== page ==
Men and Belly Fat: No Laughing Matter
Dad bod. Beer belly. Spare tire. Men’s protruding potbellies have long had pet names and served as the butt—so to speak—of late-night jokes.
But behind the humor, danger lurks. The health effects of extra fat in the abdomen, also called visceral fat, are serious. Men who pack more pudge around their middles have a greater risk for:
- Heart failure
- Atrial fibrillation
- Cardiovascular disease
- Type 2 diabetes and insulin resistance
- An early death
For Fat, Location Matters
Why does it make a difference where men’s flab collects? For one thing, fat in the abdomen is positioned closer to vital organs. Sometimes, it can be deposited directly within them.
All fat secretes hormones that can trigger health problems. But the type of fat that accumulates in the gut seems more active than the type that gathers elsewhere. For men, a waist that’s greater than 40 inches could raise health risks.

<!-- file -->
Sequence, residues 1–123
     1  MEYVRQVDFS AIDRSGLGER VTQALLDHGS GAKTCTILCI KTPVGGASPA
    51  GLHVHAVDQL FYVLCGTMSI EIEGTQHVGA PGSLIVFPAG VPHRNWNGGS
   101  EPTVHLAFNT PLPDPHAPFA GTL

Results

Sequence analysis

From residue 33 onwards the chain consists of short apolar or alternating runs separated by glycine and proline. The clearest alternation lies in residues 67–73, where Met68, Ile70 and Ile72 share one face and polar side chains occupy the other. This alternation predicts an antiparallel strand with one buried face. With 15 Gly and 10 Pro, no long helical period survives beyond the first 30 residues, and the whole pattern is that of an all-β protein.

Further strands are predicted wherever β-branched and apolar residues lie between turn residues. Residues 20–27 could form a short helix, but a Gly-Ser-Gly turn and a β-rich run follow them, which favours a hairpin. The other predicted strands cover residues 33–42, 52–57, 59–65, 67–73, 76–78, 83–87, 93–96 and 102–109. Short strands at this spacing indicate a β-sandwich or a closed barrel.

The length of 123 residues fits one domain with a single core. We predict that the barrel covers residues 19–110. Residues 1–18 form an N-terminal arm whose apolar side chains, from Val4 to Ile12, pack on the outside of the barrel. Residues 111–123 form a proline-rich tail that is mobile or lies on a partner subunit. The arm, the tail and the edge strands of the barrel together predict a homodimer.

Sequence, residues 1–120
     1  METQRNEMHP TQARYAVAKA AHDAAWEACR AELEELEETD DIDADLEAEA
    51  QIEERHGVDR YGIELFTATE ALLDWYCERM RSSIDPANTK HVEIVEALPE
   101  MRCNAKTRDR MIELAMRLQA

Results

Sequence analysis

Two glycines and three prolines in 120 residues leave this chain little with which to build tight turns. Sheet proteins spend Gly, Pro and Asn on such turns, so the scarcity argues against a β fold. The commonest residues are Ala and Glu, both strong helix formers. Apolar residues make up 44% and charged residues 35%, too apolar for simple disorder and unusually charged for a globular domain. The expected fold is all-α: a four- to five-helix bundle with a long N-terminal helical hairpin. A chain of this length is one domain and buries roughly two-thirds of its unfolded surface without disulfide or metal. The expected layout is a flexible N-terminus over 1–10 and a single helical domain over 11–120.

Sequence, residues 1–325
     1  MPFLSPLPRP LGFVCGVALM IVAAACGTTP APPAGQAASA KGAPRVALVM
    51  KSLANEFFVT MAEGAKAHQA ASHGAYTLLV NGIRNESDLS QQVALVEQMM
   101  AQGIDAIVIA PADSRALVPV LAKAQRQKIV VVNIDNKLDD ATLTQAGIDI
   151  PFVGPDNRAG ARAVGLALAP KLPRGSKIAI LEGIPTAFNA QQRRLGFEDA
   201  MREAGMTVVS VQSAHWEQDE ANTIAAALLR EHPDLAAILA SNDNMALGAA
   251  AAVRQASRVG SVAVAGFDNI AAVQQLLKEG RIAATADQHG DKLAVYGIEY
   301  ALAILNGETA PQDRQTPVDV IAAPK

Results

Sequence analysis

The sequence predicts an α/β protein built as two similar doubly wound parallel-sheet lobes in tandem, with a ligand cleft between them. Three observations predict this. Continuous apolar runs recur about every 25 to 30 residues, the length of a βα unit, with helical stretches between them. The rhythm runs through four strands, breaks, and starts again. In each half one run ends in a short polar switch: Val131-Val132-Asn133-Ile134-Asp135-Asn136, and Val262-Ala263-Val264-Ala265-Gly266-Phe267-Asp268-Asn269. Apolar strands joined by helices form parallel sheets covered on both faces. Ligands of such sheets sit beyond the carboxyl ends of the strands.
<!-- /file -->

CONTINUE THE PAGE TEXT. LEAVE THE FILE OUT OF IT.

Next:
Get a Handle on Your Girth
The same tried-and-true methods that promote weight loss overall—eating better and moving more—banish belly fat, too. But paying special attention to these strategies may help slim down your midsection specifically:
- Cut back on booze. There’s truth to one stereotype: Greater alcohol consumption may lead to a bigger gut. Limit drinking to two beverages per day if you’re age 64 or younger, and one daily drink if you’re older.
- Sit less. In one large study, sedentary behavior was linked to larger waists. Break up time at your desk or on the couch by moving once per hour—try walk breaks around the block or office.
- Crank up your workouts. Any physical activity can zap fat. But some research suggests high-intensity interval training works best against belly fat. These sessions alternate short bursts of hard efforts with periods of rest. If you have heart problems or a chronic disease, talk with your health care provider before starting an exercise program.
Understand Your Options
If you struggle with stubborn weight around your middle, you might wonder if it’s time to consider weight-loss surgery. Whether you want to discuss procedure options or simply find out if bariatric surgery is right for you, our surgeons can help: